These multifunction printers might serve the needs of home office users and/or small business computing environments that have minimal printing needs. But with even moderate use, the cost of printing supplies and loss of productivity will quickly make the initial price savings meaningless when compared to higher-end options.

Lexmark Platinum Pro905 multifunction printer; business printers
The Lexmark Platinum Pro905 inkjet multifunction printer.
(Click for larger image)

Mid-Priced Multifunction Printers

The middle of the pack, predictably enough, spans a wide range of available options. For a couple of hundred dollars, you can expect to buy a more fully featured inkjet AIO that starts up a little faster, prints ever-so-slightly faster, possibly holds more paper in its available tray(s) and can automatically duplex your print jobs.

Just about multifunction printer at this price point can connect to a network, though some connect strictly via Ethernet while others also have wireless capabilities. Move a bit upwards in price, into the mid-hundreds, and you can choose from the highest-end inkjet AIOs and lower-end laser units. The former include models like the Lexmark Platinum Pro905 and the HP Officejet Pro 8500 series while the later include a number of laser printers.

Beyond any speed advantages they might (or might not) have over their inkjet cousins, multifunction laser printers are better suited for higher volumes of printing. Not only can they handle hundreds, or even thousands, of printed pages per month without self-destructing, they do so at a considerably lower cost. Toner cartridges, while not inexpensive, tend to yield far more printed pages than those inkjet cartridges that will eventually bleed you dry.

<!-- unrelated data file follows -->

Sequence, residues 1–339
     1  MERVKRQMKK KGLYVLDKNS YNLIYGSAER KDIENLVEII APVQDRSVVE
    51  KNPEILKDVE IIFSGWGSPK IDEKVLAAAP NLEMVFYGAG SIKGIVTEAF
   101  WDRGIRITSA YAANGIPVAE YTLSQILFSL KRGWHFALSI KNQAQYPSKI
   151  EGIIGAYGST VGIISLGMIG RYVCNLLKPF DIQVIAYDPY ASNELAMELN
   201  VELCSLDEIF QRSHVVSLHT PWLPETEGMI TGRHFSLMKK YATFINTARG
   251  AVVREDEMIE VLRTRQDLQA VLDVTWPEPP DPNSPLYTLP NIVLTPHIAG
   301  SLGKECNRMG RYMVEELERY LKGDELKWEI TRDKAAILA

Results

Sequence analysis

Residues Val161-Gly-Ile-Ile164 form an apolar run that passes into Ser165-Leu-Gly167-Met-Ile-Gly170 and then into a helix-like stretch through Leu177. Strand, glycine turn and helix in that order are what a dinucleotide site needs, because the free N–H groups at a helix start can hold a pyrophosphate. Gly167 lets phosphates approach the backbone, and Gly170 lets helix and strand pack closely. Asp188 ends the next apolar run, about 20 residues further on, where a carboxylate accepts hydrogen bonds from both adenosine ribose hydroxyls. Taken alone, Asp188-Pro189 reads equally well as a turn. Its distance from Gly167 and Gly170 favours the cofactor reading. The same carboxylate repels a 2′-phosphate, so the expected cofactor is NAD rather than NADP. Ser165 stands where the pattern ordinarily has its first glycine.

High-End Multifunction Printers

In this high-priced stratosphere, you'll spend thousands of dollars for high-volume laser black-and-white and color printers. These are meant for organizations that print thousands of pages per month and need a machine that can handle that kind of volume.

Machines at this end of the market tend to have multiple paper trays that accommodate more paper sizes and more total sheets of paper. Laser color printers, meanwhile, allow you to print images at good quality, albeit without the glossiness you can get with inkjet printing.

HP Color LaserJet CM2320 Series multifunction printer; business printers
HP Color LaserJet CM2320 Series multifunction printer.
(Click for larger image)

If money is no object and your print volumes are so high that they eclipse most small business computing needs, you might be looking at something as expensive as the HP LaserJet CM6030/CM6040 series of printers, which are priced near the five-figure range and can print up to 40ppm.

But more likely options include HP's LaserJet CM2320 series and M3035 series (starting at around $700 and $1,600, respectively), Canon offerings like the imageCLASS MF9280cdn ($1,500), and Lexmark's X4** series (costing upward of $1,200). All of these multifunction printers can handle print volumes that few small business computing environments are unlikely to exceed.

Cheaper Does Not Equal Less Expensive

Whatever route you take, don’t base your decision solely on the price of the product. If the product doesn't do what you need it to do, after all, then your money's been wasted no matter what it cost you.

If you buy bigger than you'll ever need, that's money you could have spent elsewhere. And if you buy an multifunction printer designed to handle significantly lower volumes than you'll actually be printing, you'll lose money in supplies, replacement costs and lost productivity than you saved on the price of the printer.

So do yourself a favor: spend the time now to really look at what your needs are today, what you expect them to be tomorrow, and which product will best meet both.

A Sampling of Multifunction Printers

Vendor/ModelInkjet/LaserConnection-typeEstimated PriceCanon MX320 X1261Inkjet USB 2.0; no networking options$59.99Epson Workforce 320InkjetUSB 2.0; no networking options$79.99HP Officejet 4500InkjetUSB 2.0; 10/100 Ethernet; wireless version also available$299.99Lexmark Platinum Pro905 InkjetUSB 2.0; 10/100 Ethernet; wireless$299.99HP Color LaserJet CM2320 SeriesLaserUSB 2.0; 10/100 EthernetStarting at $699.99Canon MF9280CdnLaserUSB 2.0; 10/100 Ethernet$1,499HP Color LaserJet CM6030/6040 SeriesLaserUSB 2.0; 10/100/1000 EthernetStarting at $8,999

Housen Maratouk is a regular contributor at HardwareCentral.com, one of our sister sites on the internet.com network.

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This article was originally published on Wednesday Sep 15th 2010